The evening dinner event was notable for the strength of not only Gerald's acting tour-de-force but the hotel staff's hard work as well. A Christmas Carol was performed in conjunction with a multi-course dinner. At certain moments during the performance, Gerald would ring a bell and the doors would swing open and servers would pour into the room and serve a course. I have worked catering events as a banquet server and I have coordinated them as well. The idea of weaving the serving of courses with a live performance is a delicate balancing act, to be sure. Will the timing be right? Will the food suffer? It's one thing to know that the stalwart Jekyll Island Club or Peabody could do this with flair but its another thing for our humble hotel to pull it off and I was more than a little nervous. Gerald was finally here and several of my friends were attending including some of my 'foodiest' friends. I've worked many a wedding here and I'm all too well aware that we have pulled off miracles time and again, but this was something quite different. The menu was also a twist on an English feast and this was also uncharted territory for the Elms kitchen. Nancy and her catering crew were truly flawless....their timing was perfect and the food was fantastic. The kitchen magicians had us at the first course....an amazing warm and savory Roasted Chestnut Soup. Each time the bell would ring and another course would arrive. 'Pigs in a Blanket', or bacon-wrapped sausages in a slightly sweet cherry sauce was another course. The main course was a titanic slab or roast beef with roasted potatoes, brussel sprouts, sage and onion stuffing and cranberries. Dessert was a sweet Plum Pudding. The Elms banquet and kitchen staff have much to be proud of this evening...they pulled it off beautifully.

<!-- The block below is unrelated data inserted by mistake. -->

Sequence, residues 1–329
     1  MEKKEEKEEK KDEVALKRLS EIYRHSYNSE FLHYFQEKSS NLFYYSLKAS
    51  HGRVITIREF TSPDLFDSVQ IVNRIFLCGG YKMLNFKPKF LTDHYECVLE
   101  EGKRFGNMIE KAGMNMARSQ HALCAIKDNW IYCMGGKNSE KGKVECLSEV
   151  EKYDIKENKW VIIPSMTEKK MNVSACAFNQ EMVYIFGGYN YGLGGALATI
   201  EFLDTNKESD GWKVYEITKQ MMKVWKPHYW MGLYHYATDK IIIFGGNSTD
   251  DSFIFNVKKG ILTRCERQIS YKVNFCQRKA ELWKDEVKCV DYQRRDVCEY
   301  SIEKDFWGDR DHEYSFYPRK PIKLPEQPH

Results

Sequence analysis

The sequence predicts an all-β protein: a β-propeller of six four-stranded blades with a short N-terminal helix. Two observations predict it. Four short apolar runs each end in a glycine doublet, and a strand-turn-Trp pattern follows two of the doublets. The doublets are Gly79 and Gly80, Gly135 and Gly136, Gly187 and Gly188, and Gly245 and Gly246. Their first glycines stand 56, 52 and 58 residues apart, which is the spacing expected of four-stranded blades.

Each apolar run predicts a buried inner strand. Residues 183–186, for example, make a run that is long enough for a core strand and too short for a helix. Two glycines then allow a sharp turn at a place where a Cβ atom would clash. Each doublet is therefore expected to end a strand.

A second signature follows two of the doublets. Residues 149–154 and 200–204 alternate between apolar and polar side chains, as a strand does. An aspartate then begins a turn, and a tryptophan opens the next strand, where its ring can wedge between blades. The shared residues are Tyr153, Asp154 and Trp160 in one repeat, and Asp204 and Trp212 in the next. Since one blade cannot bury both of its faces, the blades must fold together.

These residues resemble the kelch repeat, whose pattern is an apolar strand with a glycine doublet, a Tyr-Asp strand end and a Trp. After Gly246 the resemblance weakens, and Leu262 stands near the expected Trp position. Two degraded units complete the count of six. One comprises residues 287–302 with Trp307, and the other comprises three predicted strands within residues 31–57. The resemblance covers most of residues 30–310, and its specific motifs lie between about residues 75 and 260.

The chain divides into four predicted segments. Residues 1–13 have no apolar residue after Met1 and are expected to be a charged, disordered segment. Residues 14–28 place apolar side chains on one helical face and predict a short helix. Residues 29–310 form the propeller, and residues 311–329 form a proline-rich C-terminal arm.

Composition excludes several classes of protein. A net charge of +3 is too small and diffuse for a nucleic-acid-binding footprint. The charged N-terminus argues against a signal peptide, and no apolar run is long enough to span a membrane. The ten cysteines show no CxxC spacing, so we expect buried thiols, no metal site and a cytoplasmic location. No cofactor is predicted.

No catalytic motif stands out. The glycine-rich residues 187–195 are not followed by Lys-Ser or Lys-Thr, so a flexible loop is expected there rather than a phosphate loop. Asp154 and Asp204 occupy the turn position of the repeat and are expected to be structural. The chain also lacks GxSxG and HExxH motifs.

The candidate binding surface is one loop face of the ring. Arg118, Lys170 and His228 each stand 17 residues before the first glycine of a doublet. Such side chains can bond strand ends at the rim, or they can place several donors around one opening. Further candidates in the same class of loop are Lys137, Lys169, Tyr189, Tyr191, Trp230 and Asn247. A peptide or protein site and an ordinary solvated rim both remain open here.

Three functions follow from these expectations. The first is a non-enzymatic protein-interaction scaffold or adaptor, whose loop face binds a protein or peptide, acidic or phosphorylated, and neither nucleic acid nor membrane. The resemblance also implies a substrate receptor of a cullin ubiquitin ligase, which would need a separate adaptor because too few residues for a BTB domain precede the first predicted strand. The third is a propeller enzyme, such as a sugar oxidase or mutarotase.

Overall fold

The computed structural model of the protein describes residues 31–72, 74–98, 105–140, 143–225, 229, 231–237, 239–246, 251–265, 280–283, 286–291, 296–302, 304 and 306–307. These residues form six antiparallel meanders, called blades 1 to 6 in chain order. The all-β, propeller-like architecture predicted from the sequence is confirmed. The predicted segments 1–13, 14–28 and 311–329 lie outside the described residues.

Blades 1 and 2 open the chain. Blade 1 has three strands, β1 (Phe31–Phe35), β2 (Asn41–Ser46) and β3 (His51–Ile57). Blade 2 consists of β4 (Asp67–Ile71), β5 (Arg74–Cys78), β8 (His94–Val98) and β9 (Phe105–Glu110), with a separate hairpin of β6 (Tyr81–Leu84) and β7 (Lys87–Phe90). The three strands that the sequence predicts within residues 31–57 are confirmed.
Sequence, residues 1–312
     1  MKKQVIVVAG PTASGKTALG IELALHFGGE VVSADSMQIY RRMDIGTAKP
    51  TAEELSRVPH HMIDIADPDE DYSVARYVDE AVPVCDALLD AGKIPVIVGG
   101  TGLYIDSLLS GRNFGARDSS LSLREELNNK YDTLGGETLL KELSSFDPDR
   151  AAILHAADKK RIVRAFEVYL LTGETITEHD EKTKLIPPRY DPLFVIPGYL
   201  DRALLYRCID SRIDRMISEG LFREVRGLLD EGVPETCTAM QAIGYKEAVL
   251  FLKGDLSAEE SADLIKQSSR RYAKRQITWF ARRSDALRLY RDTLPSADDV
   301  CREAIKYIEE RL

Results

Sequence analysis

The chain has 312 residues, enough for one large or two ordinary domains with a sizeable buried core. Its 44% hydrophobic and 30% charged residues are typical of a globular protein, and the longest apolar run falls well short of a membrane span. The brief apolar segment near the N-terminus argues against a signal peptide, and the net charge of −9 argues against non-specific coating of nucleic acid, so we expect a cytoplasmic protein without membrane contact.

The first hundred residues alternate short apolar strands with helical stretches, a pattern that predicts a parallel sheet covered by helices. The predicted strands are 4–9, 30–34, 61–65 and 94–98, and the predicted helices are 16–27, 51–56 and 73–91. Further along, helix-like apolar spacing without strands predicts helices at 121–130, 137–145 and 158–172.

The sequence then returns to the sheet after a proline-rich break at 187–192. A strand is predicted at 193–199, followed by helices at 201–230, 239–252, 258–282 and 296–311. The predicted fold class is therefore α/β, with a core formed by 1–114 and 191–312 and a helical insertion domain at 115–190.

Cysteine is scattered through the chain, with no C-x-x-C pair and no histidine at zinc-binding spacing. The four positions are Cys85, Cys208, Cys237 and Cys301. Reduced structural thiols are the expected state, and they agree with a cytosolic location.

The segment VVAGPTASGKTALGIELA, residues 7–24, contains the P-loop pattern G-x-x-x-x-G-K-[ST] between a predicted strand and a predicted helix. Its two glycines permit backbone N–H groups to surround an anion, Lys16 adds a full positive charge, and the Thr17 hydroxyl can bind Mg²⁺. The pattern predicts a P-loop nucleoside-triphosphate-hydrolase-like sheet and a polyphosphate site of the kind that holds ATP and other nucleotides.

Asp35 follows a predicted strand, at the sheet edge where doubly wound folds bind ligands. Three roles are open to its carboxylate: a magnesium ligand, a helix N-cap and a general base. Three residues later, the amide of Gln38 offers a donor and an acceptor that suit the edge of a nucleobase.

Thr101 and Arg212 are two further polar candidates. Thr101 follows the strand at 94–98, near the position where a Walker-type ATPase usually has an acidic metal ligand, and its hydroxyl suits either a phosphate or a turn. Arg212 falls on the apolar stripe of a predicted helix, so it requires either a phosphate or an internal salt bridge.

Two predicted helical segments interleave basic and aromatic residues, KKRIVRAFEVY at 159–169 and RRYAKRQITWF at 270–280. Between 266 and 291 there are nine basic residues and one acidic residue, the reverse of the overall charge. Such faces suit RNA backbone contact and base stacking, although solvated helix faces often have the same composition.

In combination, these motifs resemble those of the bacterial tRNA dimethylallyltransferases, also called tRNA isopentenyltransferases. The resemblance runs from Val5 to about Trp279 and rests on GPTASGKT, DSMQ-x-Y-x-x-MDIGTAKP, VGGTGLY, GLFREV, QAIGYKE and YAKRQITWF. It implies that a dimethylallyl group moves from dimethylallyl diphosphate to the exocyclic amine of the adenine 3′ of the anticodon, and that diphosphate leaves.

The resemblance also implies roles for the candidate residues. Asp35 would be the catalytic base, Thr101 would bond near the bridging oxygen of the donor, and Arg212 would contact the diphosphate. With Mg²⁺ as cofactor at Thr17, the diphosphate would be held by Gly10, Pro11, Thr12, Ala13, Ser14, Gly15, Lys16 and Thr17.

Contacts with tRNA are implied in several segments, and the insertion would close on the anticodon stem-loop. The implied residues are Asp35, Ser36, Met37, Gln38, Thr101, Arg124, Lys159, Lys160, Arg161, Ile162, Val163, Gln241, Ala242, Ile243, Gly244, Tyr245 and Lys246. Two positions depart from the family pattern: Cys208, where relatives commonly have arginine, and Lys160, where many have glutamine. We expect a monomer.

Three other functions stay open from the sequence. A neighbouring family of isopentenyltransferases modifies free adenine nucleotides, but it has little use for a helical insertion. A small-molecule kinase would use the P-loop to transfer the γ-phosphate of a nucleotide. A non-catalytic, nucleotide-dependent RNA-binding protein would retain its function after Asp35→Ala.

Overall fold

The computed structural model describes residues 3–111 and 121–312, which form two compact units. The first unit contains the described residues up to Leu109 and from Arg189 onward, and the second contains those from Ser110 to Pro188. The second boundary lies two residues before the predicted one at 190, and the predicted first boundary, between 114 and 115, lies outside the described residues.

While we were enjoying our own repast, one of the many highlights of Gerald's performance was the holiday dinner scene at the home of Bob Cratchit. There was "vigorous mashing of the potatoes" and when the knife carved into the breast of the bird, "stuffing would pour forth" and the audience was encouraged to emit a gratifying "Ahhhhhhhh..." in delighted response to the carving. Gerald would then hilariously portray Bob Cratchit's increasingly nervous wife who was panicking over the Plum Pudding which would emerge in delicious fashion; a "great speckled cannonball" brought forth as the perfect ending to the Cratchit's dinner.

The personal highlight of our own dinner would be that Gerald and his lovely companion Liz would sit at our table with us during each course. Gerald is as delightful a dinner companion as he is an artist. He would enthrall us with stories of his tours as well as life in London and stories of the Dickens family. It was thrilling to watch my bookstore co-workers listen in rapt silence as this direct descendant told the tales of his own life as a member of the Dickens family.

The dinner as well as the performance would conclude with a toast with Smoking Bishop, a drink that would be shared between Scrooge and Bob Cratchit in A Christmas Carol. It's a warm drink made from strong red wine, port wine, fruit and sugar. We would enjoy a comforting sip as Gerald said those final words that would serve as the conclusion of A Christmas Carol: